According to a 2005 study, less than four percent of Palestinian children ages 10-19 showed no symptoms of PTSD.

Of Syrian citizens in residence since the beginning of conflict there in 2011, 31 percent have been found to have severe emotional disorders—most commonly depression, but also schizophrenia and bipolar disorders. Many of those affected are women, but the majority are children who have seen their homes, families and lives destroyed before their eyes. Two and a half million Syrian children don’t even have access to education, let alone to mental health resources.

READ MORE: South Korea Ferryboat Accident Highlights Global Mental Health Stigma

So what does this mean for the rest of the country? Mental health problems cost even fully developed, peaceful nations an average 3-4 percent of their yearly GDP. In 2006, mental illness costs reached 16 percent of U.S. GDP and are well on their way to 20 percent by 2016. The U.S. alone loses over $100 billion just in productivity every year due to untreated mental illness. Mental health crises like the one in Syria can eventually become unavoidable epidemics for the entire country. Mental disorders lead to morbidity, a huge social and economic toll both for individuals involved and for the entire country, decreased productivity and a much higher poverty rate.  All of these can snowball to take the country from a war zone to a country with a mental health crisis to an impoverished nation.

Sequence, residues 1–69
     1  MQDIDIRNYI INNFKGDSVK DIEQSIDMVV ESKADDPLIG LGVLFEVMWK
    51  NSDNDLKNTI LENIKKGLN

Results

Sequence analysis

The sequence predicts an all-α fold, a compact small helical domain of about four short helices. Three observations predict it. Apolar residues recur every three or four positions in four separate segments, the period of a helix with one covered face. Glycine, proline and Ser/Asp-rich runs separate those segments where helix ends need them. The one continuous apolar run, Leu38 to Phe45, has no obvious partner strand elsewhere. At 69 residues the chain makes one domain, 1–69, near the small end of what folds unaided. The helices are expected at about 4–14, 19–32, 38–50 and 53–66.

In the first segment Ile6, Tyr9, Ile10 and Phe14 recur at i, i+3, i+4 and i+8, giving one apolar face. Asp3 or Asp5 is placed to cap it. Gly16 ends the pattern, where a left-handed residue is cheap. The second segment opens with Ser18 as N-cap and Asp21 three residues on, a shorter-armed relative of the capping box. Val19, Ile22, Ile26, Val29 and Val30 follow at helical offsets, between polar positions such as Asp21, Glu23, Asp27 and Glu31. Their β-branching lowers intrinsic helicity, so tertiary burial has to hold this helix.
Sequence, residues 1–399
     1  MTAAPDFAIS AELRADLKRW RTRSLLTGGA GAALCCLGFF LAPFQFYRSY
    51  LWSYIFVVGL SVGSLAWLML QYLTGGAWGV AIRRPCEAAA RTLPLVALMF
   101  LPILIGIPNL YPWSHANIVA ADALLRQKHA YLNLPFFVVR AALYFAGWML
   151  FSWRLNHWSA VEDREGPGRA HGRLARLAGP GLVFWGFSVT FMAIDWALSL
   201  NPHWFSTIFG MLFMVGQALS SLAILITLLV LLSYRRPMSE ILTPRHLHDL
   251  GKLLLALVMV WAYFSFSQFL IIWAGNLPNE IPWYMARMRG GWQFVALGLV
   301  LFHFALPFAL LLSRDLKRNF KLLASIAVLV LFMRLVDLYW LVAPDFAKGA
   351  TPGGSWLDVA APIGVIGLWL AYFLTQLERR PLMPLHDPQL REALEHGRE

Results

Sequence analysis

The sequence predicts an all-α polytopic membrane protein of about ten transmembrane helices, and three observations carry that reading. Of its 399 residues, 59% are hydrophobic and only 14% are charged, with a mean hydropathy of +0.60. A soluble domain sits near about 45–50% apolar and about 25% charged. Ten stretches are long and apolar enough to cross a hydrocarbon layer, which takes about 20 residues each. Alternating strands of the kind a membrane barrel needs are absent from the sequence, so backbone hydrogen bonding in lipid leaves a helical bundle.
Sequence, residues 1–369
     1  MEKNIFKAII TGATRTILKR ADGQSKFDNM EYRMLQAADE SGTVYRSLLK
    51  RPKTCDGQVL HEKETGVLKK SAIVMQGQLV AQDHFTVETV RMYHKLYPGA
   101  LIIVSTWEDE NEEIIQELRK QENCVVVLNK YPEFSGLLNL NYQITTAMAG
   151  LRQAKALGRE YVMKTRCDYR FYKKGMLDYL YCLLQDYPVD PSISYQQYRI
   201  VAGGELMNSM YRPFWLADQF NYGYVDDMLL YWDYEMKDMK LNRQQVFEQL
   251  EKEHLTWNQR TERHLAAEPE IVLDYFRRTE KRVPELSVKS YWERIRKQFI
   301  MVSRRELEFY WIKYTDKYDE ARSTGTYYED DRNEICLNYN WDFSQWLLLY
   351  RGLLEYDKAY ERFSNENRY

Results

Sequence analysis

Some countries are finally beginning to catch on to the psychological trend in war zones.  UNRWA counselors in Gaza, for example, have began to provide psychological first aid and individual counseling to children and families who have undergone massive psychological distress. These counselors even provide parents with orientation and advice for helping their children recover and stay healthy, and organize recreational activities for families.

For the most part, however, in the few countries that do attempt to provide mental health resources, the care is not particularly beneficial.  Care and treatment are provided by primary care doctors and nurses who are not trained in any kind of mental health issues or proper response.

We are lucky enough to reside in a country with enough resources to share. When we inflict or see violence, crises and war in other nations, we are quick to jump in and provide aid to innocent civilians. However, food, water and shelter are not enough. If we want to help countries in the long run of their recovery from trauma, we must also take into account the long-term, specifically psychological, effects they incur.  Aid packages could easily be revamped to take these effects into account by sending trained psychologists into the areas in need or even by sending training materials to doctors already in the affected regions.

"The State Of Minds" is a column that runs every other Saturday on Neon Tommy, on mental health issues affecting our nation and world, and the challenges we face in overcoming stigma around mental illness.

Read more here. Contact Columnist Ariana Shives here.